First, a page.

In New York, the Dow Jones industrials moved up 40.47 points to another record high of 13,668.11 after the U.S. Labour Department reported that the economy cranked out 157,000 jobs in May, the most in two months.
Economists had been looking for 140,000 jobs. The unemployment rate held steady at 4.5 per cent.
Also, the Institute for Supply Management manufacturing index hit 55 in May, above the April reading of 54.7 and higher than the market’s expectation of 54. It was the fourth consecutive month of growth in the index which tracks factory activity.
The Nasdaq composite index rose 9.4 points to 2,613.92 and the S&P 500 index gained 5.72 points to a new record high of 1,536.34.
In other economic news, the Commerce Department reported Friday that American incomes slipped 0.1 per cent in April, while consumer spending rose by a strong 0.5 per cent.
“The consensus is that the U.S. had a very weak first quarter but the second half will be moving up,” said Nakamoto, “and you still have the emerging markets like China doing, eight, 10 per cent (economic growth), Europe and Japan also doing well. It’s hard to get negative.”
On the TSX, the energy sector rose one per cent as the July contract for crude oil on the New York Mercantile Exchange added $1.07 to $65.08 a barrel. Petro-Canada (TSX:PCA) advanced $1.13 to $55.10 (Canadian) while Suncor Energy (TSX:SU) improved $1 to $93.89.
Paramount Resources Ltd. (TSX:POU) is selling oilsands leases and natural gas assets to MEG Energy Corp. for $301.7 million in cash and shares. Its units fell $2.24 to $24.41.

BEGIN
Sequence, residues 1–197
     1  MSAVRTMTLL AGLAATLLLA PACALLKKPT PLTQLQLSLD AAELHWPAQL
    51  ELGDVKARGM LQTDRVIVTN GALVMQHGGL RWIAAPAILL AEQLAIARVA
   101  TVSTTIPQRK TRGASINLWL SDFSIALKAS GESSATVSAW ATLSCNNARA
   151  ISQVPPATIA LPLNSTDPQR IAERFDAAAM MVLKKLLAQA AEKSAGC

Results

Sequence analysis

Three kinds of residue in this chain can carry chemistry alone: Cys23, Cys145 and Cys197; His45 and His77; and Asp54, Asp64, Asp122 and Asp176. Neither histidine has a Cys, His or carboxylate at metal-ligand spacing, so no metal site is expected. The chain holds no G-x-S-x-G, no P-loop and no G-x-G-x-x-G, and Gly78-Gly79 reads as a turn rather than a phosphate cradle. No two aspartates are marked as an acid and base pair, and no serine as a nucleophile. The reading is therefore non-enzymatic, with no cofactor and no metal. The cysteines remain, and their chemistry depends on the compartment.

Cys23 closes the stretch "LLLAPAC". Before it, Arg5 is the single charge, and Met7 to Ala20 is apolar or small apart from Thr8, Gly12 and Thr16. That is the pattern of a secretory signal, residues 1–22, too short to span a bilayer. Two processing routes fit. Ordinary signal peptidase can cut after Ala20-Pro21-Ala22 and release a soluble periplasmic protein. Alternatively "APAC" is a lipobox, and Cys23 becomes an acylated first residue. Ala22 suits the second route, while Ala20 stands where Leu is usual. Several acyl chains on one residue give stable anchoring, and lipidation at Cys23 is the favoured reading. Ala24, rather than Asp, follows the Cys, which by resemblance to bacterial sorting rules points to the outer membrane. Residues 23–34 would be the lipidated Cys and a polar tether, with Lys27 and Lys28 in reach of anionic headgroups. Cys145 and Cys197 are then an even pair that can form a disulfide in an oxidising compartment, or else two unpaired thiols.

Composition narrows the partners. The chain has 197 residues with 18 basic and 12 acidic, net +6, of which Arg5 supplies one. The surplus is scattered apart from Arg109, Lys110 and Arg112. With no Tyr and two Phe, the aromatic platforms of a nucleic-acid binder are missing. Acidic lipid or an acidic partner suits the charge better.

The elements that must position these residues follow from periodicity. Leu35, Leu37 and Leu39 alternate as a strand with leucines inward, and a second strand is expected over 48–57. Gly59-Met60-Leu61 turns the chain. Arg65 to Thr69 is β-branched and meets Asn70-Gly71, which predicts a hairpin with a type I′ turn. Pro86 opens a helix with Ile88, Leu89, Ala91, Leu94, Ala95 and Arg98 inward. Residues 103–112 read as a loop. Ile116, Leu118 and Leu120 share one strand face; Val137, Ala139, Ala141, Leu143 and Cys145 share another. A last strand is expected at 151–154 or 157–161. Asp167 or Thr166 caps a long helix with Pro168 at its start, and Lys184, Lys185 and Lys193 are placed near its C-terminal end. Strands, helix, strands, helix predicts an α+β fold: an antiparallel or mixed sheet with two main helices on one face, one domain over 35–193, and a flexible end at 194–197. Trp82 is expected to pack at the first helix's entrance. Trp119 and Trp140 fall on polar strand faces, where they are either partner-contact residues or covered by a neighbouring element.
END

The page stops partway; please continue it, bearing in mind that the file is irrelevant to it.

The mining sector rose 0.87 per cent as Aur Resources (TSX:AUR) moved ahead $1.44 to $31.30 and Sherritt International (TSX:S) advanced 33 cents to $15.23.
The August bullion contract on the New York Mercantile Exchange climbed $10.20 to $676.90 (U.S.) an ounce, taking the gold sector up 1.44 per cent. Goldcorp Inc. (TSX:G) gained 31 cents to $26.04 (Canadian).
Support also came from the TSX industrials sector where Bombardier Inc. (TSX:BBD.B) continued on a roll after a solid earnings report earlier in the week. Its shares moved up 22 cents to $5.54.
The market was held back by a dip in the tech sector with Cognos Inc. (TSX:CSN) down $1.22 to $41.42.
There was also some weakness in the financial sector as shares in Laurentian Bank (TSX:LB), Canada’s seventh-largest chartered bank, declined 14 cents to $34.31 after it said its second-quarter profit declined to $20.7 million from a year-earlier $24.6 million, when there had been an unusually large tax gain. Revenue increased by 11 per cent to $145.7 million.
On the TSX, advances beat advances 23 to 641 with 238 unchanged, as 401.6 million shares traded worth $7 billion.
Quebecor Media Inc. (TSX:QBR.B), owner of the Sun tabloid newspaper chain, is buying Osprey Media Income Fund (TSX:OSP.UN) in a deal worth $517 million, including debt. Quebecor is also taking subsidiary Nurun Inc. (TSX:NUR) private and has launched a national classified network called Classifiedextra.ca, integrating more than 200 daily and community newspapers and Canoe.ca network. Quebecor shares were down 18 cents to $38.10.
Shares in Railpower Technologies Corp. (TSX:P) tumbled 20.9 per cent to 43.5 cents as it announced it is recalling 59 of its Green Goat yard switcher locomotives after a fire in one of dozens sold. The company’s newer product, the Road Switcher fleet of over 100 vehicles in operation or on order, is unaffected by the recall.
Shares in Labopharm Inc. (TSX:DDS) plummeted 52 per cent to $3.22 after the company received a second “approvable” letter from the U.S. Food and Drug Administration concerning its once-daily formulation of the painkiller tramadol, saying the company has not demonstrated the efficacy of the drug.